Towson's small Jacobs comes up with big plays

March 16, 1991|By Paul McMullen | Paul McMullen,Evening Sun Staff

DAYTON, OHIO. — DAYTON, Ohio -- Towson State had to play bigger last night to keep up with Ohio State, the No. 1 seed in the National Collegiate Athletic Association Midwest Regional. It was not a new experience for Terrance Jacobs, the junior guard whose statistics usually belie his 6-foot-3 frame.

With his two more heralded junior teammates, Devin Boyd and Chuck Lightening, struggling at times against the Buckeyes, Jacobs did what he does best, quietly taking care of the supposedly little details that in this case kept his team in the game. When the Tigers were down by 16 with 12 minutes left and in danger of getting blown out, Jacobs took over and kept Towson State in the game.

With Towson State down 64-48, Jacobs made a steal, penetrated the Ohio State front line for another basket, then scored on a put-back, all in two minutes. His teammates righted themselves, and even though beaten 97-86, they left the University of Dayton Arena with their respect intact.

"I know this was my first NCAA game, but we've played big schools before," Jacobs said. "Tonight, I didn't look at Ohio State as being the No. 2 team [actually No. 5 in the latest Associated Press poll] in the country, and I refused to be intimidated by them. I don't mind playing bigger people."

Jacobs finished with 22 points, five rebounds, three assists and two steals. Take away his 8-for-17 shooting, which includes two layups that popped in and out, and Towson State was 20-for-55, 36.3 percent. Lightening had a game-high 26, but he was 8-for-24 from the field, and Boyd briefly got into the flow in the second half after his foul trouble.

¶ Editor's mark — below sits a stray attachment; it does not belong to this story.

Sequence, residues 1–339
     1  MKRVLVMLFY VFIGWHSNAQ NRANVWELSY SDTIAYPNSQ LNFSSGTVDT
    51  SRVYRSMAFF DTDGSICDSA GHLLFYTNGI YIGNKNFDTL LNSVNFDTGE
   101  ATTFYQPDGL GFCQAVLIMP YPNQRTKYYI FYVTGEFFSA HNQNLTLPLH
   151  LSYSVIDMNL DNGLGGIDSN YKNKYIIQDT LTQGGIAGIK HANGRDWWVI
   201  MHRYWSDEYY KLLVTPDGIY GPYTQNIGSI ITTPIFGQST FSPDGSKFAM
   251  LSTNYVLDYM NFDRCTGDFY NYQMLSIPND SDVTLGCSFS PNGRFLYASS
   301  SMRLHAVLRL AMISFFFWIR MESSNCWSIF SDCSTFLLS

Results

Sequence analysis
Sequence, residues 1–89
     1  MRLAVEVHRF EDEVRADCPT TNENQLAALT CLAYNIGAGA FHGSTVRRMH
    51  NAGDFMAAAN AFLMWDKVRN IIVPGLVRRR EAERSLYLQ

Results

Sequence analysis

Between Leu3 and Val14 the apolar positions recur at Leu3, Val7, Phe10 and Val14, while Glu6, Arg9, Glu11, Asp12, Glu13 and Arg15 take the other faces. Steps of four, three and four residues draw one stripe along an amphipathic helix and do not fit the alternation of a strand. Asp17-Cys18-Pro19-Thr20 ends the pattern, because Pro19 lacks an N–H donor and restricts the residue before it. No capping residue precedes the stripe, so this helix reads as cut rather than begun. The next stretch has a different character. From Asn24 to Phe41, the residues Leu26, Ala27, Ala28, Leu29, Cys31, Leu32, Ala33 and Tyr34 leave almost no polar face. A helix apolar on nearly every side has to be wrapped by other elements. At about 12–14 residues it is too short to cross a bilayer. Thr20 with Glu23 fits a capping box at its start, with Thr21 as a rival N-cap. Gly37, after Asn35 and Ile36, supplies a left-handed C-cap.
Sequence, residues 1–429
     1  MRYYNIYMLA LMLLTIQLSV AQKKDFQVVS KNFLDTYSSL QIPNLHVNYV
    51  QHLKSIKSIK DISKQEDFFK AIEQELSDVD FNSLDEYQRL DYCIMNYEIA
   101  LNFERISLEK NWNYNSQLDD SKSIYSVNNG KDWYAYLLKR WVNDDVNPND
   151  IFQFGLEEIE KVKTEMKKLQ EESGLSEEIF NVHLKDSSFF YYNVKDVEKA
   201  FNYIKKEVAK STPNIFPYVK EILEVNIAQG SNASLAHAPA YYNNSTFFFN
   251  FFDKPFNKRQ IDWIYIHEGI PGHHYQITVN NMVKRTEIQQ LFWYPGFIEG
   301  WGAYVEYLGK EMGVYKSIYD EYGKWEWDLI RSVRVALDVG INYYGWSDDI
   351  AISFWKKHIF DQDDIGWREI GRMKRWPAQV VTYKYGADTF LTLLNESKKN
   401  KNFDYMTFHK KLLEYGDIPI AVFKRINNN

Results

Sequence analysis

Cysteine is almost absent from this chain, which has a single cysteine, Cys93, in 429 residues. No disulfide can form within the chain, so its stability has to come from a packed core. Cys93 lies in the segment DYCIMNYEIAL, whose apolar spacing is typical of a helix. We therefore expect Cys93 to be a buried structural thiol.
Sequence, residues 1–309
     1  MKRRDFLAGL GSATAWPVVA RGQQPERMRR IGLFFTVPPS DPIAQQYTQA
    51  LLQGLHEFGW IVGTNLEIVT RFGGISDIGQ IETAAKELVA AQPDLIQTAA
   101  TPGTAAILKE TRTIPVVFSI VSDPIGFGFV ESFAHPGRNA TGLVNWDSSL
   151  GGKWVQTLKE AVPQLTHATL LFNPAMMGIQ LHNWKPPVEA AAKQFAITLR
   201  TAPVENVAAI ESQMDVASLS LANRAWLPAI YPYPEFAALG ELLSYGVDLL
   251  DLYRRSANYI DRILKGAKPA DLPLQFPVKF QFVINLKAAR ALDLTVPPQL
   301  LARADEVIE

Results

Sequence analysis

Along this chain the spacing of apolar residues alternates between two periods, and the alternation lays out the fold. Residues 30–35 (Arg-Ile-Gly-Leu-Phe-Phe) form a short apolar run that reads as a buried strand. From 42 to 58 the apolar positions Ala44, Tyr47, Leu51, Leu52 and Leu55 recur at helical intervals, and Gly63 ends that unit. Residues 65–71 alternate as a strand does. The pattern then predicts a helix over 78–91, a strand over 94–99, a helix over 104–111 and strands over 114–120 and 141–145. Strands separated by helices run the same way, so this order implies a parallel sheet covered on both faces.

Take away the two three-pointers Jacobs hit at important junctures, and the Tigers were 2-11 beyond the stripe. His was the one matchup that the Tigers clearly won, as Jacobs outplayed the Buckeyes' No. 2 guard, Jamaal Brown, even though Jacobs spent as much time inside as he did on the perimeter.

"Terrance is not a finesse player, because every time you see him, it seems like he's on the floor, fighting for a loose ball," Towson State coach Terry Truax said. "In reality, he replaced Kurk Lee and actually gave us more dimensions than Kurk was able to. He's a very effective inside player."

A 1988 graduate of Southern High, Jacobs was an All-Metro in both football and basketball. He spent his freshman year at Old Dominion, but was unhappy with his playing time and transferred to Allegany Community College in Cumberland for his sophomore season. He moved into the Towson State starting lineup in December, and his ability to replace some of the big numbers Lee took with him to the National Basketball Association's New Jersey Nets was a huge factor in Towson State's winning its second straight East Coast Conference championship and returning to the NCAA tournament.

Jacobs came into the Ohio State game averaging 15.7 points and 5.3 rebounds, second on the team behind Lightening. For the year, he was second to Boyd in steals and assists.

Jacobs relishes going after bigger players. His exit last night was symbolic, as Jacobs fouled out with 35 seconds remaining trying to strip the ball from Perry Carter, the Buckeyes' 6-8, 230-pound center.

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